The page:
Your sunshine and field workers and endless farms;
Your agribusiness, your entrepreneurs, your next big things;
Your visionary schemes and your reluctance to pay.

The limitless dream, the busboy, the kid who can’t read;
The redwood, the dead mill, the air you can’t breathe;
The surf, the oil spill, the guy asleep on the street;
A million reasons to stay and a million to leave.

On the prairie and over the mountains I roam;
Crossing the Colorado, California, I’m home.

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Road Blog: Jolly Kone

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One more from the road: a drive-in we passed in Wasco, between Highway 99 and Interstate 5 north of Bakersfield. The featured role of pastrami is notable, but pales next to the claim, “The Best Food in Wasco.” I can’t testify one way or the other.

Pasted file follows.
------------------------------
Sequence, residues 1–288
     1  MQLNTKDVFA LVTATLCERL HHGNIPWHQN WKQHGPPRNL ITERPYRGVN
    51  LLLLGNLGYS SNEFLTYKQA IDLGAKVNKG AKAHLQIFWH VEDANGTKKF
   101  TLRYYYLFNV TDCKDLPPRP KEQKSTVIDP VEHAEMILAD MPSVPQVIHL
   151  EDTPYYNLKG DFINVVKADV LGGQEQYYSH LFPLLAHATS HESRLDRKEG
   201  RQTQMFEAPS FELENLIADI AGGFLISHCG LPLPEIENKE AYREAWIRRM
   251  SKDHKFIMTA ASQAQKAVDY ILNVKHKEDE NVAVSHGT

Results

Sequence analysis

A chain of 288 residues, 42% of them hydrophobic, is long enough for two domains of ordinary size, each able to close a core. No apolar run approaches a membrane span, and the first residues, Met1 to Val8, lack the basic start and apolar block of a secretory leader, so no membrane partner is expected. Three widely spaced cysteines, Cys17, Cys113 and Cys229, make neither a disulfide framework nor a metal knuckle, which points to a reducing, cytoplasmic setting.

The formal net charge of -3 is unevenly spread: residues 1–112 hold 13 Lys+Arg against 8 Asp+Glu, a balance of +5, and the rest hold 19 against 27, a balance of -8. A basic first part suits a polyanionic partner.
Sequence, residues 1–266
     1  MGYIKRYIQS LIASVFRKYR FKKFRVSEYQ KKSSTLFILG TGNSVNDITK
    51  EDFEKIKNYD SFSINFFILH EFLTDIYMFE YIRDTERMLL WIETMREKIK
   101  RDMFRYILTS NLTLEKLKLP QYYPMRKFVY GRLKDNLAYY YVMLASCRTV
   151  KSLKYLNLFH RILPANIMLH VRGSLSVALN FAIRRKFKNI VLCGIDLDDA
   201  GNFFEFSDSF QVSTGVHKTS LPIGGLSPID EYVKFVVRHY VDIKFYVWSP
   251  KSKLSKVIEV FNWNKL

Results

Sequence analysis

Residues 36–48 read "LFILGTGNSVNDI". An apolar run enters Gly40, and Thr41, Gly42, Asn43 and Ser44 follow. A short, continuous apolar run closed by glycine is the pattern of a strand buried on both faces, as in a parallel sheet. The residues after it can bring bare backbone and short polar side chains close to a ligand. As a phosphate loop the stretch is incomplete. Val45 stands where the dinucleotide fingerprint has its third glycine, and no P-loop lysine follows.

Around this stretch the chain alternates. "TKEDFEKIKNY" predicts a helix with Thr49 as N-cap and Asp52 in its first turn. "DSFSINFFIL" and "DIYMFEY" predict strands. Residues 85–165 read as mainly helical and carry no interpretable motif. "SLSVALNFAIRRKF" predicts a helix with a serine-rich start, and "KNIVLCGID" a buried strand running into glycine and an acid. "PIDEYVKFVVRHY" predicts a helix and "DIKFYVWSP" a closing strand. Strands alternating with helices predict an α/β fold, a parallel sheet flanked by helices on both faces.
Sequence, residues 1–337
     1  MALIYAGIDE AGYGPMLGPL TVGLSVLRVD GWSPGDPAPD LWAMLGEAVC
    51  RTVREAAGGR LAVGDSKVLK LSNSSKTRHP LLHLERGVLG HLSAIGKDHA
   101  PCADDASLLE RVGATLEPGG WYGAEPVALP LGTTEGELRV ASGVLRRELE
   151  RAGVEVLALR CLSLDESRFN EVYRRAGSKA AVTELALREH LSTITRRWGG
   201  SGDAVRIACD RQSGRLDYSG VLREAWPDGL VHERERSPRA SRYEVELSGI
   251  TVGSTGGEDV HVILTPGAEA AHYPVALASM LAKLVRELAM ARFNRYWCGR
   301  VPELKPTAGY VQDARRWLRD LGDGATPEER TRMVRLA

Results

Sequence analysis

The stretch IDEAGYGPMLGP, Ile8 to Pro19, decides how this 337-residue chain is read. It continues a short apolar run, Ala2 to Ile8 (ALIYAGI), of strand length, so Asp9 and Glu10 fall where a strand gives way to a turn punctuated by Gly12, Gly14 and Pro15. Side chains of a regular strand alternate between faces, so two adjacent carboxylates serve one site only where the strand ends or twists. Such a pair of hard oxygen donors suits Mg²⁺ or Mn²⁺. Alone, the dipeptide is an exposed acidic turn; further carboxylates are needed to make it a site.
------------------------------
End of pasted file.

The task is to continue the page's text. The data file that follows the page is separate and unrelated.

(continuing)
We pretty much stuck to the route that Google Maps or Mapquest might give you between Barstow and Berkeley: Highway 58 to Bakersfield and Highway 99; then up to Highway 46, through Wasco to I-5. Then all the way up the San Joaquin Valley to I-580, which takes you into Oakland. The route is simple and it is fast, and the traffic in the valley mostly behaved itself. We hit the front door here at about 5 p.m. straight up. Total driving for five days: 2,685 miles. Not a killer, but in a mini-Toyota it was a little bit of a challenge. Now that I think of it, I don’t recall seeing a single Echo on the road between here and Chicago (plenty of Priuses, though).

More tomorrow. I get to sleep at home tonight.

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Road Blog: Grants, New Mexico, to Barstow, California